ArenaNet on designing the Charr: "A fire-worshipping race of hell cats"

Guild Wars 2's Charr week continues today with a look at Designing the Charr. Artists Katy Hargrove, Kristen Perry, and Kekai Kotaki sat down for this round of information to talk all about the past, present, and future of the Charr race and the process of designing it over a period of years.

We won't keep you waiting: Follow along after the jump for all the latest on Charr week!

Origins

Katy Hargrove is the mind behind the Charr. She created the original look, and today's blog post carries a fascinating look at the process behind designing and refining the race to make it what it is today.

The core of who the Charr are was fully formed before Katy began the design process, but it carried a heavy focus on their attitudes and behavior rather than appearance -- something that was both a curse and a blessing. Katy pointed out that she had "a lot of artistic freedom when it came to designing the Charr," but with that freedom came a bit of a struggle to create an appearance the artists were happy with: "[T]he original concepts just seemed like cat-men, which wasn't that impressive, and even came troublingly close to being cute."

The plan was clear, though, and that helped: "The Charr would be the main threat to the humans of Ascalon, so we wanted something inhuman, iconic, and intelligent." This mindset, combined with the feline look that the design team had planned from the start and a hefty dose of horns and fire, led the artists to what Katy refers to as "a fire-worshipping race of hell cats." Most Guild Wars fans can agree that she struck just the right design chords.

Catwoman she ain't

Oh, they were always around, of course. The introduction of female Charr in Guild Wars 2 caused a huge buzz among fans, though, because the females were never seen in Guild Wars 1. Artist Kristen Perry was responsible for translating the monstrous Charr into a feminine form -- and proving that "fantasy genre" doesn't have to equal "buxom, wasp-waisted catgirl." As with the original Charr design, there was quite a bit of discussion and some uncertainty along the way.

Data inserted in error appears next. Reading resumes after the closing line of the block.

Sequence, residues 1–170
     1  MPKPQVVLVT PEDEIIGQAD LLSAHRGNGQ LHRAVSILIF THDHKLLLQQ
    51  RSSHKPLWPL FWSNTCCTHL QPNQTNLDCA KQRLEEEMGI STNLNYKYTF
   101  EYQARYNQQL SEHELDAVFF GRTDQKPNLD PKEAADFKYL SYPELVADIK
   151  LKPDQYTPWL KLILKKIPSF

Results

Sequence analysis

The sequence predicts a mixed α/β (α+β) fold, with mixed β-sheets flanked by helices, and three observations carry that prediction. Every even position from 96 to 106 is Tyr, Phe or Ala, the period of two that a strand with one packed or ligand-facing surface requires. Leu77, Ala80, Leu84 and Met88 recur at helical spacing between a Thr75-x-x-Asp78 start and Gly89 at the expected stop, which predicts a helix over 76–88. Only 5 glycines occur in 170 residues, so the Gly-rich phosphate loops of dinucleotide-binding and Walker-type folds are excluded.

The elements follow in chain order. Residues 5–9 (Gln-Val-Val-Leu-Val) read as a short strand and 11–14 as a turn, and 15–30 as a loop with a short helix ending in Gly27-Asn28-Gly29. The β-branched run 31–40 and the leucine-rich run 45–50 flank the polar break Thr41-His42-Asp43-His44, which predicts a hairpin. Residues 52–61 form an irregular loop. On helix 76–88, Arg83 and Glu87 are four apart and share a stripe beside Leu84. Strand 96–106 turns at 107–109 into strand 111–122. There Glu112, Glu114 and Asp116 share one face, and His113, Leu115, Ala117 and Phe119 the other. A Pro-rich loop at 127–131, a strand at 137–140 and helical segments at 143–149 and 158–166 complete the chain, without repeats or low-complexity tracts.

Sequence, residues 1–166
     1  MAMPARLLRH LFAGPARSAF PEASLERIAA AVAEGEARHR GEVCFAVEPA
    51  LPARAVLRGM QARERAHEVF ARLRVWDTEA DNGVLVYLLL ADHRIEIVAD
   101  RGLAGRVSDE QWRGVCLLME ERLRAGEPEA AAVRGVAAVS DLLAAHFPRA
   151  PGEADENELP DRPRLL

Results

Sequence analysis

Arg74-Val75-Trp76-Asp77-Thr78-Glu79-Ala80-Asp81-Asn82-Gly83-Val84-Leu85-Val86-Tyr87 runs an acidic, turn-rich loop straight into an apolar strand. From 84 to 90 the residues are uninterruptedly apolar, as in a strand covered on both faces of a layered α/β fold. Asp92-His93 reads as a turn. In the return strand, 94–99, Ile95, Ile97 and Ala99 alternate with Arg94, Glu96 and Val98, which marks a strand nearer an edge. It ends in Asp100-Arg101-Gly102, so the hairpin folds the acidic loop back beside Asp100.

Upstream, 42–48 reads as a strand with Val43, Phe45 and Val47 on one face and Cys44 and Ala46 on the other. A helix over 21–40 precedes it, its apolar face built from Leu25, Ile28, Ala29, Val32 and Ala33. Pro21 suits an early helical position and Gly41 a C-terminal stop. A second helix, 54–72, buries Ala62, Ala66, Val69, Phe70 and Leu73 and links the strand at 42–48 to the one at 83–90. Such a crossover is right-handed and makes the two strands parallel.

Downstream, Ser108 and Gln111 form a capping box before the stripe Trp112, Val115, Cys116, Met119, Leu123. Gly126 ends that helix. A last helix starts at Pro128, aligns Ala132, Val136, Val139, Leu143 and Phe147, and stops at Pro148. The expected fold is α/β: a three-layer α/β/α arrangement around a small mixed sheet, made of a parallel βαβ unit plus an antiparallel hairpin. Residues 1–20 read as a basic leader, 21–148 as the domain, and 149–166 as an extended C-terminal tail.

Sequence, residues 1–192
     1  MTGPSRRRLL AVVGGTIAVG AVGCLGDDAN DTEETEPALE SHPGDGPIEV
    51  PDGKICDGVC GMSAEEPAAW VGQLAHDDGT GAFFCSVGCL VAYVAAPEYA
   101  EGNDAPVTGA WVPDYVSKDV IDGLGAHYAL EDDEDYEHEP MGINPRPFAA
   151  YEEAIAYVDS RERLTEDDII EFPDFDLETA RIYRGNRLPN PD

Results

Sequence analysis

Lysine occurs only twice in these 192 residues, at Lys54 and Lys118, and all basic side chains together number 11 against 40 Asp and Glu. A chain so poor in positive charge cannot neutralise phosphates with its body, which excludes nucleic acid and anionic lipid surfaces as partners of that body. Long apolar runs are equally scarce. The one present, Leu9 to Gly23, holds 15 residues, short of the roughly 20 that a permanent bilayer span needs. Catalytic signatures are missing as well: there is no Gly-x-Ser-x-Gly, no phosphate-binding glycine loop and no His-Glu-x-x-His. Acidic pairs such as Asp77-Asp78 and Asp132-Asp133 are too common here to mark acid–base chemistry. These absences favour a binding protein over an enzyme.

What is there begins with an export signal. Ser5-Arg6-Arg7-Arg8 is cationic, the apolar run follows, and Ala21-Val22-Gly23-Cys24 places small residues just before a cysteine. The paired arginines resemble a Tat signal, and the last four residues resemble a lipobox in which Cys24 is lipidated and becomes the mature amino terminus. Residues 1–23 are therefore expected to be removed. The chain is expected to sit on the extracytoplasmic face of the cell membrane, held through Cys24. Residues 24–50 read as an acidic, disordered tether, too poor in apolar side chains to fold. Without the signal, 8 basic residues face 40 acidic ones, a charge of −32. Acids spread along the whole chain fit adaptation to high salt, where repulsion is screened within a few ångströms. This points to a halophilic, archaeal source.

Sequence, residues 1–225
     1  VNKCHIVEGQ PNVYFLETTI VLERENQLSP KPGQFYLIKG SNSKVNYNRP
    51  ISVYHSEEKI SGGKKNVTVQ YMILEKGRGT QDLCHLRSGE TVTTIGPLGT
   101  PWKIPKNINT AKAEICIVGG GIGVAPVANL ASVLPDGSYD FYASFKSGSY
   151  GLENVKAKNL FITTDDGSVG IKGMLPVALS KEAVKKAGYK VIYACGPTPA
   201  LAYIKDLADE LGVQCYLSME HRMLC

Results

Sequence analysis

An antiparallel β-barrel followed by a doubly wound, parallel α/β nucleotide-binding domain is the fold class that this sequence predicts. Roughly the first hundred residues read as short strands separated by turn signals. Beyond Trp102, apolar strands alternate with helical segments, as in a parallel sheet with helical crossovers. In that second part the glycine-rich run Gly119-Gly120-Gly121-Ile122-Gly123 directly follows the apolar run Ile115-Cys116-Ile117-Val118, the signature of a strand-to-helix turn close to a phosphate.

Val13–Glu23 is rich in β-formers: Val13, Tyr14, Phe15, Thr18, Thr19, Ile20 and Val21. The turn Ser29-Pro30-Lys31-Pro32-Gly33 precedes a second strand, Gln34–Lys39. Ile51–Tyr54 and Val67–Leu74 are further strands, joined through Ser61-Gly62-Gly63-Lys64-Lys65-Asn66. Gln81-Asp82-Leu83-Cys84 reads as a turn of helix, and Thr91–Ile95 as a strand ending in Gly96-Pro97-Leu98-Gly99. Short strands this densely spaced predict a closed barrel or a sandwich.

Trying to add a more human-like feminine appearance to the Charr in an effort to gain the best of both worlds wound up watering down the entire design too much: "The human part of our Charr catgirl wasn't human enough to be cute, and the Charr part of her wasn't Charr enough to be fierce, let alone look like a female of the same species. So while this experiment was very important for visualization, in the end it didn't give us the result we wanted."

Ultimately, Kristen struck a satisfying blend of fierce, strong, sleek, and feminine that has pleased the fanbase almost universally. Charr females are undeniably feminine and beautiful but no less dangerous than their male counterparts, and that comes through loud and clear in their design.

Finally, yes, there was in fact a huge discussion regarding breasts on Charr females: "Finally, there was a matter of what to do with the chest. It really didn't make any sense to have boobs on a charr female, particularly with all the effort we took to make her sleek and fierce. We thought they should have no breasts at all, or at least hide them under some fluffy fur. Above all else, we needed to be true to the race, of course!

"There was still some debate, however, so I gave them a choice: either be subtle and downplay the breasts (it wasn't a point of the race, anyway) or go full-on realistic. Yes, that's right -- none or six!! But really, the armor augmentation required for six boobs would be just as ridiculous. So none it was!
"

Final thoughts

Last but not least, Kekai Kotaki was the one responsible for bringing the Charr 250 years into the future. How did he do it? Easy: "My approach was simple: make the Charr bad ass. And then make them even more bad ass."

Well done.
This article was originally published on Massively.